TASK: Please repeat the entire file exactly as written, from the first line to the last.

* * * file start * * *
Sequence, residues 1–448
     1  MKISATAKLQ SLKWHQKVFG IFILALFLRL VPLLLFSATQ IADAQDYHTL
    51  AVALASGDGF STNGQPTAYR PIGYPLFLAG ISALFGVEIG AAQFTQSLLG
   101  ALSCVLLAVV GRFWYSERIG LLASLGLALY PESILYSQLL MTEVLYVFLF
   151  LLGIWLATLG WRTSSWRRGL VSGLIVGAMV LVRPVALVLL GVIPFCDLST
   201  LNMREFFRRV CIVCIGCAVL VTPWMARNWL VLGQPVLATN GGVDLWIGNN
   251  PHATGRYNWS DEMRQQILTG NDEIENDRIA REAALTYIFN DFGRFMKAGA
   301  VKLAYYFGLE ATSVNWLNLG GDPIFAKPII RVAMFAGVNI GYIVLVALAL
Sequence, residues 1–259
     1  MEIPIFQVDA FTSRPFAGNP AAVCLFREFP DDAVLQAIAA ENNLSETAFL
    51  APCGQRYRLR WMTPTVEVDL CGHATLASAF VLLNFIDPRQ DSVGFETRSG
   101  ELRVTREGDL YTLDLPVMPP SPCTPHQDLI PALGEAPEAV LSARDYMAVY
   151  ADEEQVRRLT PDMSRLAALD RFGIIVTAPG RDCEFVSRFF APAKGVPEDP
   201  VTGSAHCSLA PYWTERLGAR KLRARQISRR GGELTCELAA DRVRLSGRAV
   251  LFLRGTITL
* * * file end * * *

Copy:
Sequence, residues 1–448
     1  MKISATAKLQ SLKWHQKVFG IFILALFLRL VPLLLFSATQ IADAQDYHTL
    51  AVALASGDGF STNGQPTAYR PIGYPLFLAG ISALFGVEIG AAQFTQSLLG
   101  ALSCVLLAVV GRFWYSERIG LLASLGLALY PESILYSQLL MTEVLYVFLF
   151  LLGIWLATLG WRTSSWRRGL VSGLIVGAMV LVRPVALVLL GVIPFCDLST
   201  LNMREFFRRV CIVCIGCAVL VTPWMARNWL VLGQPVLATN GGVDLWIGNN
   251  PHATGRYNWS DEMRQQILTG NDEIENDRIA REAALTYIFN DFGRFMKAGA
   301  VKLAYYFGLE ATSVNWLNLG GDPIFAKPII RVAMFAGVNI GYIVLVALAL
Sequence, residues 1–259
     1  MEIPIFQVDA FTSRPFAGNP AAVCLFREFP DDAVLQAIAA ENNLSETAFL
    51  APCGQRYRLR WMTPTVEVDL CGHATLASAF VLLNFIDPRQ DSVGFETRSG
   101  ELRVTREGDL YTLDLPVMPP SPCTPHQDLI PALGEAPEAV LSARDYMAVY
   151  ADEEQVRRLT PDMSRLAALD RFGIIVTAPG RDCEFVSRFF APAKGVPEDP
   201  VTGSAHCSLA PYWTERLGAR KLRARQISRR GGELTCELAA DRVRLSGRAV
   251  LFLRGTITL